When visitors to the Jacksonville (Fla.) Zoo’s new Range of the Jaguar exhibit see what appears to be a 400--year--old Mayan ruin, they probably don’t realize that almost everything they’re looking at is made of concrete.
Built as part of a zoo master plan originally conceived in 1992, the $15.4 million 4.5 acre exhibit, which opened in March after 18 months of construction, houses about 100 different species of animals, including four jaguars.
There are four main public buildings in the exhibit: the Lost Temple, the aviary, the jaguar enclosure, and the cafe and market. Different concrete techniques were used depending on the needs of each facility as well as environmental and budgetary considerations.
Concrete is considered an ideal material for constructing zoos. It is durable, easy to clean and able to take on almost any shape or color. “We build hospital--quality facilities outdoors,” director of biological programs Karl Kranz explains. “The concrete work needed to be well done in order to meet our caging tolerances, where we ask that the floors be roughened so that animals will have good traction. It needed to be smoother in pools so when they go swimming, they don’t hit something rough on the side of the pool and damage their skin. We really like the drains to be at the lowest point of the floor.” This allows the floors to gravity drain without puddles, but is not easy to achieve.
Concrete was also used extensively in nonpublic areas. “In terms of long--term maintenance and wear, concrete is the most durable and cost--effective product that could be used,” notes Steve Wetherell, director of project development for general contractor, The Stellar Group. “The use of concrete slabs in behind--the--scenes spaces, keeper areas and animal holding areas permits a greater level of sanitation, and its use in public spaces allows flexibility in finish and appearance. Concrete was used to construct and create the illusion of mud paths, trees, stone, wood decking and wood timbers.”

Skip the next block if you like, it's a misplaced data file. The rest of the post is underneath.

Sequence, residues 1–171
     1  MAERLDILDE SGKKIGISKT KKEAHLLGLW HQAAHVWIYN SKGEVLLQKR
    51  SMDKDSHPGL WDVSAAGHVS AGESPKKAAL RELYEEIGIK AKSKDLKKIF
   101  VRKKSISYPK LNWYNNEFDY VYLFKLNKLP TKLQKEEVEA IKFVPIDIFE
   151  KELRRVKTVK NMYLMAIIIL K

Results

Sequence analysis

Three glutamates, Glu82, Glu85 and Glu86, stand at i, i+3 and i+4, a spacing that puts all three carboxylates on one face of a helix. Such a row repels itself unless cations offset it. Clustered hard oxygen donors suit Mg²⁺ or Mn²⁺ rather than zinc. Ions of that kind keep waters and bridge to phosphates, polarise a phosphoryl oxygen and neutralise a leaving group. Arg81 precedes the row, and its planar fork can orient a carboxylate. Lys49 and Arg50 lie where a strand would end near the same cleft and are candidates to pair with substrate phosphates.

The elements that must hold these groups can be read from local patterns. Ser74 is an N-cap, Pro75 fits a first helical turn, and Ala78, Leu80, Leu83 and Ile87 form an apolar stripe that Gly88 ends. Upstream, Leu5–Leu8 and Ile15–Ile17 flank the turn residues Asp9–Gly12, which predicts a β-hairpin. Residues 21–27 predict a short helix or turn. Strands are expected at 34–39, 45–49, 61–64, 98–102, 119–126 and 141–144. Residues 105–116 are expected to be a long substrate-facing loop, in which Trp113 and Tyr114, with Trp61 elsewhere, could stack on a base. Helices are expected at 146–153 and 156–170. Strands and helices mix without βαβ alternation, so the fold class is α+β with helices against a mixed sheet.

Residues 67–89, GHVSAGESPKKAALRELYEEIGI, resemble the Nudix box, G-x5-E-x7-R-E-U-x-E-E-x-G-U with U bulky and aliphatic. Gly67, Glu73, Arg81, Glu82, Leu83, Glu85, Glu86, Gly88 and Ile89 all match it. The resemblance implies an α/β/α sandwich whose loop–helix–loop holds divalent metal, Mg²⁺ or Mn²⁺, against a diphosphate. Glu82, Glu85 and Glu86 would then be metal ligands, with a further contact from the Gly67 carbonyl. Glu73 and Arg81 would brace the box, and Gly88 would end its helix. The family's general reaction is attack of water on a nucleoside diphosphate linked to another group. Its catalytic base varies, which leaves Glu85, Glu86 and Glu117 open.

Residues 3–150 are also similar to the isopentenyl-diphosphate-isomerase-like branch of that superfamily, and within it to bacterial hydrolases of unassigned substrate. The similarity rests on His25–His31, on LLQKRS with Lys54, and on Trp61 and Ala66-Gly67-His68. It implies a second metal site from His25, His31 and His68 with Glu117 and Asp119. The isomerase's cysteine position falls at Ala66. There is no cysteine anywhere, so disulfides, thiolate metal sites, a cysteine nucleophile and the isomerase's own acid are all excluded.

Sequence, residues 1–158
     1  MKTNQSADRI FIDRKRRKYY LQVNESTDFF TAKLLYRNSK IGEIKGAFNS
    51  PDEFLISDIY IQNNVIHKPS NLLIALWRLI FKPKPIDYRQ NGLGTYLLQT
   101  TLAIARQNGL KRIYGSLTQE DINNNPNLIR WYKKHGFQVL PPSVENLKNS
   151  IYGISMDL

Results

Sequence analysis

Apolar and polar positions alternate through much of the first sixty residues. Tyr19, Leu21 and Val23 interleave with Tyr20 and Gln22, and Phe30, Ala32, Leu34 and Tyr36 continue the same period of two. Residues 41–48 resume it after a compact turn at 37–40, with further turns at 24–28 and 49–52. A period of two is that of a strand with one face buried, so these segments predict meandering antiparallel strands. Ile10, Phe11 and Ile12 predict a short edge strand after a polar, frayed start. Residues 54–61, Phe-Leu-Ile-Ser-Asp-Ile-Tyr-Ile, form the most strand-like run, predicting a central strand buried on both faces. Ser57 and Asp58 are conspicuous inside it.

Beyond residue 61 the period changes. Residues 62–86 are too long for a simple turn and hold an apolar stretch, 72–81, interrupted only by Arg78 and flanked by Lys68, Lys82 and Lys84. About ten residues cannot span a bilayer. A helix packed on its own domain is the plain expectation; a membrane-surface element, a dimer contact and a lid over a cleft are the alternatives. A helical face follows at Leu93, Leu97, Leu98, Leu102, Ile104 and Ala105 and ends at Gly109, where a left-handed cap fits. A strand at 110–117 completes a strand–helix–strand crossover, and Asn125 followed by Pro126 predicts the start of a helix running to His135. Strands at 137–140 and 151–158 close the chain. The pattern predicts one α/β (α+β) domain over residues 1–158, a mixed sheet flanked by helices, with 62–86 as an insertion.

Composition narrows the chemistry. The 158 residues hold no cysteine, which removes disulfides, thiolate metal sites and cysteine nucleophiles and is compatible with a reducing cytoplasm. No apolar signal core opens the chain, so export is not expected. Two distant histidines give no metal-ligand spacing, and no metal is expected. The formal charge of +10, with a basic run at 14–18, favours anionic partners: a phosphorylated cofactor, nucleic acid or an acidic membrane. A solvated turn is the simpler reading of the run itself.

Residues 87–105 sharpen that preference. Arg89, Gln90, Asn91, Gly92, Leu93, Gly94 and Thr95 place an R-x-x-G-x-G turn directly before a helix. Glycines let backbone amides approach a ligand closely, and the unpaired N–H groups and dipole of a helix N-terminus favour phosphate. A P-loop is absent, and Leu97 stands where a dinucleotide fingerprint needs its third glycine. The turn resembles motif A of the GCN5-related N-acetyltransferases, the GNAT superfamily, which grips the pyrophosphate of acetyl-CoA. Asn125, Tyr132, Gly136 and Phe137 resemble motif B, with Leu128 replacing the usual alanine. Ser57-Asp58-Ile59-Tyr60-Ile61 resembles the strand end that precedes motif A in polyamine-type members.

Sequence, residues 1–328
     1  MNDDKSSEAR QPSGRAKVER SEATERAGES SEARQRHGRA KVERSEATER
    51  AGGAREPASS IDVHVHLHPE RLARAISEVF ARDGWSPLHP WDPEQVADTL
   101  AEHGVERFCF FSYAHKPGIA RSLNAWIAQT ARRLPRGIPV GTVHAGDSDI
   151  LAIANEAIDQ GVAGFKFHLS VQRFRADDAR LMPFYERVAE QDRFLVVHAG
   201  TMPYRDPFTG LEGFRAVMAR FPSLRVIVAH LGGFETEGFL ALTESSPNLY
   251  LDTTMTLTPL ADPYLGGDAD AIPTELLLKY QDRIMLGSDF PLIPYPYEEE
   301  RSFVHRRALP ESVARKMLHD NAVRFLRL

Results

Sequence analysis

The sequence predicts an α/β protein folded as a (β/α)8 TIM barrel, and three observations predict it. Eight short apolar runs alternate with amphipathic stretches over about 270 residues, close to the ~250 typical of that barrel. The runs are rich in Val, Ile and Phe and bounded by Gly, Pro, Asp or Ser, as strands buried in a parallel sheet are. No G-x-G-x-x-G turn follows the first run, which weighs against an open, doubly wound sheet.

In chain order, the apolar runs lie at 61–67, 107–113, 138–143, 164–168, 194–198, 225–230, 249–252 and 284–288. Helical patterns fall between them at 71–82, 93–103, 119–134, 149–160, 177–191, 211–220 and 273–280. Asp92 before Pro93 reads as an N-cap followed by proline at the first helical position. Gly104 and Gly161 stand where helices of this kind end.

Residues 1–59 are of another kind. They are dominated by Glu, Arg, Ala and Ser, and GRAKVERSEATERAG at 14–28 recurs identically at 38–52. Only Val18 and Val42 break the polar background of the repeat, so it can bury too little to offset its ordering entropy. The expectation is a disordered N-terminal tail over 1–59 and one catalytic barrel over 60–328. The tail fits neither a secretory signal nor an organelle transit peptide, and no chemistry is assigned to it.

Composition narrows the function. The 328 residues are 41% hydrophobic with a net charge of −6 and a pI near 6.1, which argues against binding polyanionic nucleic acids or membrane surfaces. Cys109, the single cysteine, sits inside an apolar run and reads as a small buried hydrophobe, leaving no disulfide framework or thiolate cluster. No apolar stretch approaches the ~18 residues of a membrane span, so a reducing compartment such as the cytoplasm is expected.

An environmental issue
The zoo is within 750 ft. of a bald eagle nest. Because these birds are a threatened species protected under federal law, they cannot be disturbed during their breeding season. As a result, Stellar suggested building the Lost Temple – which houses the reptile, amphibian and fish collections – using tilt--up concrete panels. “One reason we decided to go with tilt--up is because the building could be put up very quickly so it would be up before the eagles came back for the nesting season,” Kranz says. “We had to prepare a month--by--month book for the U.S. Fish and Wildlife Service to tell them what we were going to do. We even had to change access points for the concrete trucks depending on where we were in the nesting season. We were allowed to work inside the building after the eagles returned. It was quite a challenge to meet the deadlines and budgets without disturbing the eagles.” Some work was done out of the normal sequence in order to meet deadlines while accommodating the eagles, notes Wetherell. Breeding was unaffected, with the eagle pair raising two chicks during both nesting seasons while construction was underway.
Using tilt--up had other benefits. “This approach allowed wall fabrication to occur on the opposite side of the temple building footprint from the eagle nest site, outside the zone of influence,” says Wetherell. “Manpower, formwork and equipment in the areas adjacent to the nest were very limited with tilt--up as opposed to erecting scaffold for masonry or large formwork sections for cast--in--place concrete, and having material lay down occur at multiple locations around the building.” This meant quicker completion of the work and reduced construction cost.
Decoration courtesy of concrete
In decorating the 4,000--sq.--ft. Lost Temple, Cemrock Landscape, Inc., of Tucson, Ariz., did research so the sculptures and carvings would realistically portray the Mayan influence. The building’s interior contains walk--through exhibit areas including nine water filled pools.